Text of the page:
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Digital processes, platforms, and predictive algorithms transform the strategic role and purpose of key performance indicators. KPIs are becoming measurably smarter, more dynamic, and more adaptive. This makes them more versatile and valuable for securing strategic advantage. For data-driven disruptors like Alibaba, Amazon, Airbnb, and Uber, KPIs don’t simply monitor enterprise success; they proactively drive it. This shift creates innovative opportunities for ambitious leadership.
To reap the benefits of these next-generation metrics, a new level of top management insight and oversight is required. This article identifies a virtuous cycle of critical success factors that determine effective KPI leadership.
Our research shows digitally sophisticated organizations have flipped traditional KPI purpose and processes inside out. Instead of seeing KPIs primarily as analytic outputs for humans, leading organizations increasingly use them as inputs for machines. That is, management relies on KPIs to train, tune, and optimize their machine learning models for business impact.
The organizational, operational, and cultural implications of this big flip are enormous. Smart KPIs literally learn to improve their performance and the performance of the organization. This emergent capability creates novel value-added relationships between management, metrics, and machines.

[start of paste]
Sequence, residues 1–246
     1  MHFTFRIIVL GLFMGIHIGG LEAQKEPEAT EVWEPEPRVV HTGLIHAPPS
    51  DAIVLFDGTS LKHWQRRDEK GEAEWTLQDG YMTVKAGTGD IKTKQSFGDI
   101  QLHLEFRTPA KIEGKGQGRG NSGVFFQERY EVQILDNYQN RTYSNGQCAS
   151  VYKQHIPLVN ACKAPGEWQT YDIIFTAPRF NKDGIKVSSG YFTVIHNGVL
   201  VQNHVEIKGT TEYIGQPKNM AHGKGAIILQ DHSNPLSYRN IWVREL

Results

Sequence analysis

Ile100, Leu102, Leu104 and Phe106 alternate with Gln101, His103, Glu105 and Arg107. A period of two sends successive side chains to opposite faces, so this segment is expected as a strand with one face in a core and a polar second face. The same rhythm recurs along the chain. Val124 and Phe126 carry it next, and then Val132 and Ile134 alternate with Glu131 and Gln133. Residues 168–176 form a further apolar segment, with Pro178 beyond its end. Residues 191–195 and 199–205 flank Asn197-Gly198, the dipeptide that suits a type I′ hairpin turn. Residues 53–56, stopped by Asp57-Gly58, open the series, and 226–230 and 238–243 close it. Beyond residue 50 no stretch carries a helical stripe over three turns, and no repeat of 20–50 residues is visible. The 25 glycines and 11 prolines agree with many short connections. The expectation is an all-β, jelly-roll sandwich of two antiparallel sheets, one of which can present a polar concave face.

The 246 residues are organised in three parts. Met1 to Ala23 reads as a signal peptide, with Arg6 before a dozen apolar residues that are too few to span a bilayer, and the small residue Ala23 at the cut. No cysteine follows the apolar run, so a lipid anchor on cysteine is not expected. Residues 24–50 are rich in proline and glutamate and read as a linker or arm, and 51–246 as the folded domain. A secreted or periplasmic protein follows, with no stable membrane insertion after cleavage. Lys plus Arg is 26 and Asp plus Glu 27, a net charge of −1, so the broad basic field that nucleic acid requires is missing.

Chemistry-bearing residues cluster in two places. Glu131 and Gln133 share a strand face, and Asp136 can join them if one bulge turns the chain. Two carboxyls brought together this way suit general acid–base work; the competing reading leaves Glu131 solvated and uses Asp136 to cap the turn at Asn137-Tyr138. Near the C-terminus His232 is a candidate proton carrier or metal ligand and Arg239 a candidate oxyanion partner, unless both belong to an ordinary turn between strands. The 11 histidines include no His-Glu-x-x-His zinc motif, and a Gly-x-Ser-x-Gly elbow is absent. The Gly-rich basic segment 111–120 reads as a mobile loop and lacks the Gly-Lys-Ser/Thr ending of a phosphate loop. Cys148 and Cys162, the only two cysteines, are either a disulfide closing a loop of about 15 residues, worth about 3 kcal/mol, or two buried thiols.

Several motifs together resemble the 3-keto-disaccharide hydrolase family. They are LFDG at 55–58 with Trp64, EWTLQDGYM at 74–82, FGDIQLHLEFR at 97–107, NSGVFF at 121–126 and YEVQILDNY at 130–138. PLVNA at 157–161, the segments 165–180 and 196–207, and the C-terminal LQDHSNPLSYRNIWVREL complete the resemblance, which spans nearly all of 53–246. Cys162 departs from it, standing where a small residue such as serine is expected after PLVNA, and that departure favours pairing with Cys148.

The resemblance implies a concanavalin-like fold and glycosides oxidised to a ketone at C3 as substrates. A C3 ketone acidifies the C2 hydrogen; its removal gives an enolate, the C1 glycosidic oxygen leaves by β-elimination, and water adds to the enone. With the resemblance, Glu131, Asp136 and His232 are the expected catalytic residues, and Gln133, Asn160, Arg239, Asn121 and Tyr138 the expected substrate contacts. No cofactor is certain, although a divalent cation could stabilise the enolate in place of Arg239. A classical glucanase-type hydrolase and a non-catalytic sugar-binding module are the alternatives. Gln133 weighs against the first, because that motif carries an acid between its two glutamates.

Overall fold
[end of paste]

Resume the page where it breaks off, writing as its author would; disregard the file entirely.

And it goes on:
The most important insight: KPIs ― both individually and collectively ― become central organizing principles for leadership investment in data and decision-making. People, process, and technology are radically reorganized around metrics. Data and analytic priorities, as well as decision-making authority, are redefined and determined by smarter KPIs. As we concluded in a recent MIT Sloan Management Review article, your KPIs are your strategy; your strategy is your KPIs. For top-tier transformers, KPIs explicitly shape the strategic leadership dialogue and debate.
Customer churn offers the canonical KPI example of how virtual interdependencies between data and decision-making coevolve. According to Harvard Business Review, the cost of acquiring new customers can prove to be five to 25 times more expensive than keeping existing ones. Customer retention is key to sustaining cash flow and profitability. This holds particularly true for subscription businesses, notably software, financial services, and mobile telephony.
For these industries, reducing churn ― the KPI that tracks customers ending their relationship with a company over a particular time period ― is a strategic priority. Even determining that period ― a week, month, quarter, or year ― is itself a strategic choice. Almost without exception, significant changes in churn rates command immediate top management attention.